Spain also recalls ice cream containing carcinogens

The State does not clarify which brands are affected or whether the products have reached the shops

3 min
The authorities are forcing the withdrawal of the products but have not made the list public.

ParisAfter France recalled up to 90 different brands of ice cream because they contained more ethylene oxide than allowed in ice cream, the Spanish Agency for Food Safety and Nutrition (AESAN) issued a statement on Tuesday night announcing that in the Spanish state there are also products contaminated by this compound. Although the European Union banned the use of ethylene dioxide in 2011, there are countries like India that still use it. "Ethylene oxide was used to disinfect species and then it was discovered that, among other things, it was carcinogenic", says Lluís Riera, Director of the food consultancy SAIA, who adds that companies around the world buy food products in India.

The AESAN recalls in a press release that, "in compliance with food legislation", companies "have to withdraw products made with this additive from the marketing chain", which is used as a stabiliser for ice cream. However, it has not clarified in the statement or to ARA if these products have reached the shelves of supermarkets or simply have been withdrawn in distribution warehouses. In the event that these contaminated ice creams had reached the freezers of citizens, companies are obliged to contact by all possible means, the affected consumers and also make dissemination through social networks and the media. Also, of course, they have to issue refunds and cannot send the batches of food to other countries where ethylene oxide is not banned. The AESAN is not aware of any company that has done so.

No brand names

Although the AESAN has announced that all the affected batches of products are being withdrawn from the market, it has assured ARA that it does not know which and how many brands are affected. In any case, it points out that it is the autonomous communities that are responsible for ensuring that companies withdraw these products and that, therefore, they must be aware of which brands are affected.

ARA has asked Salut if they were aware of this, and they have only responded that, indeed, "the companies involved are proceeding to the withdrawal of products from the market by the precautionary principle" and that "the use of the additive is identified in the development of different products can be decided on each case". The AESAN also assures that once "all the information is compiled, it will be made public".

Normally, when a contaminated product is detected, a notice is registered in the European Alerts Network (RASFF) and, thus, all countries (and consumers) are aware of it. In this case, however, this has not been done. Spain has not registered any alert in the RASFF and neither did France, where 90 types of ice cream have already been withdrawn. According to AESAN sources, the affected states decided to coordinate specifically for this case and not do it through the RASFF, because it would "congest the alarm system".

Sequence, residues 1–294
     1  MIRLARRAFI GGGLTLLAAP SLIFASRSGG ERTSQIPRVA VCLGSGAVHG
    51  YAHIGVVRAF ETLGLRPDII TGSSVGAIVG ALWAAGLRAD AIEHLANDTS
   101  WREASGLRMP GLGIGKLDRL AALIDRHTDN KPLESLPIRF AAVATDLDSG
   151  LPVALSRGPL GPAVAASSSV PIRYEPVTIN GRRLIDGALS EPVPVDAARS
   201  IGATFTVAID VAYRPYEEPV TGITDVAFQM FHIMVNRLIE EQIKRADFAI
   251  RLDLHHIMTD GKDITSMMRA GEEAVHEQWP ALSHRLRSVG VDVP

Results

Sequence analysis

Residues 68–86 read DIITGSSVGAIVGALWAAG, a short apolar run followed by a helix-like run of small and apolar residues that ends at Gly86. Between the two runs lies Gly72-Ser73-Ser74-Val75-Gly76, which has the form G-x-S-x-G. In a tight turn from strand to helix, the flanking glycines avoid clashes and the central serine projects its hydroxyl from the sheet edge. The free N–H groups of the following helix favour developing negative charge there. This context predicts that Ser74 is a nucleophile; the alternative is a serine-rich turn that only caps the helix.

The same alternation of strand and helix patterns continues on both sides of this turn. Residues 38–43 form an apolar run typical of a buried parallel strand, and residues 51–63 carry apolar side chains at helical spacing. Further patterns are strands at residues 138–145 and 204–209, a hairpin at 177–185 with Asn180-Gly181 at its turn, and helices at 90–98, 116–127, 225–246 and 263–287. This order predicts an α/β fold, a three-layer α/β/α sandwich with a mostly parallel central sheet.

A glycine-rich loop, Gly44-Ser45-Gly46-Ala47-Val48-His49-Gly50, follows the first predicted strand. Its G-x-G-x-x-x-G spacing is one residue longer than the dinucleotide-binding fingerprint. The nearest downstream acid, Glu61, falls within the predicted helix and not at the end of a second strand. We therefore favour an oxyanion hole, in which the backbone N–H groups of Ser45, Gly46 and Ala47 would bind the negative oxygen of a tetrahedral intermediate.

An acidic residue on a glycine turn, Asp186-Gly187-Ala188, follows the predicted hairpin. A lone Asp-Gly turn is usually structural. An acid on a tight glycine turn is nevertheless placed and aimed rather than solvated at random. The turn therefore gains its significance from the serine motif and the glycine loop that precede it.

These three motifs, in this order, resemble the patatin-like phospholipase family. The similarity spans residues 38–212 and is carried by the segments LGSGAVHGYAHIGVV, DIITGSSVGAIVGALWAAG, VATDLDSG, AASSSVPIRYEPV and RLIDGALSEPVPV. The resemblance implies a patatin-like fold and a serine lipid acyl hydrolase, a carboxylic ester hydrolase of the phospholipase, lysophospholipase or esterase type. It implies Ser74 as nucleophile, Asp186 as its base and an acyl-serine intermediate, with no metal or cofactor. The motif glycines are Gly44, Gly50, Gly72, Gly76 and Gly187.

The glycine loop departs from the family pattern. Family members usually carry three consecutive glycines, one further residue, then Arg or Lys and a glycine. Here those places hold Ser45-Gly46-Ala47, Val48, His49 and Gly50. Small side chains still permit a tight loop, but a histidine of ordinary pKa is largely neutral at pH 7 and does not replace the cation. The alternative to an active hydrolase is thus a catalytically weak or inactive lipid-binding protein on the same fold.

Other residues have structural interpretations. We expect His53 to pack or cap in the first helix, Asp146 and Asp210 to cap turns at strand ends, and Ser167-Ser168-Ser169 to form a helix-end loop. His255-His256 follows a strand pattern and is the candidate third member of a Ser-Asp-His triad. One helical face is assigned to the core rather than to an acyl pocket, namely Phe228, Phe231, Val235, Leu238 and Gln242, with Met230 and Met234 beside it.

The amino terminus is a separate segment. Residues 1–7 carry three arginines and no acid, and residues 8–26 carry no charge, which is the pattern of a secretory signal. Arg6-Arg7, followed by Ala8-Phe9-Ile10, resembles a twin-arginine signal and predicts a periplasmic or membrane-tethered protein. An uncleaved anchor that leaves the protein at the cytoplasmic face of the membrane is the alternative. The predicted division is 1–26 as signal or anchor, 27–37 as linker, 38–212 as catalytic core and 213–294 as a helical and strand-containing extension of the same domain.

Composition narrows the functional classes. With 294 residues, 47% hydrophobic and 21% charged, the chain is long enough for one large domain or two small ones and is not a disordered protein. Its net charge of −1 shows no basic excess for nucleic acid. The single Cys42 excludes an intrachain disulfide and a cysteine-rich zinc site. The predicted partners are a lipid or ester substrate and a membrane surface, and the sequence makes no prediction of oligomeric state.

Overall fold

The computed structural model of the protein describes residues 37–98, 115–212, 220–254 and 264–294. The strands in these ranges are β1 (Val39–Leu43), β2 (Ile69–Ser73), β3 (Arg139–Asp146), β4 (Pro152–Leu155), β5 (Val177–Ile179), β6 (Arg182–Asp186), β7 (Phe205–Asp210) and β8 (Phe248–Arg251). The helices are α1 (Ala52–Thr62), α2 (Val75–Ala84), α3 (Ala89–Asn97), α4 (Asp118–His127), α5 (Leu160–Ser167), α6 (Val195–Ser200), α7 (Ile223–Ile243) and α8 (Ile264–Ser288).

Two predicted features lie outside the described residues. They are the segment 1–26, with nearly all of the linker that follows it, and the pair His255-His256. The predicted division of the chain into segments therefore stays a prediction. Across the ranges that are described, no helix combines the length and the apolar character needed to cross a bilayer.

In other cases, as in the latest alert of the AESAN, the product and the specific brand, including the lot, of the affected food is reported. This is also the case in France, which has even opened a website and several accounts on social networks to keep consumers informed about all kinds of alerts, with the names of the brands, including those affected by ethylene oxide contamination.

The case of products containing more ethylene oxide than the European authorities mark comes from afar. It was first detected in Belgium, in November, and all the alarms went off. "Automatically, when this happens, all EU countries are warned and the batches of affected products are withdrawn", says Riera. France has been one of the countries that has withdrawn more products, more than 7,000 according to the French newspaper Le Figaro but in November Catalonia was also affected. "Many companies and chains had to recall products", adds Riera.

Ethylene oxide is used to disinfect spices and seeds such as sesame, sesame seed, psyllium (a plant that only grows in India) and carob flour, which is used as a stabiliser and thickener for ice cream, for example. These ingredients are part of the recipe of many products, which is why the number of contaminated foods in France is so high.

Since then the Union has been much more vigilant and has laid down special conditions for the import of such seeds: all consignments of sesame have to be accompanied by an official certificate stating that they have been sampled and analysed, according to the regulations, and the frequency of checks has been increased.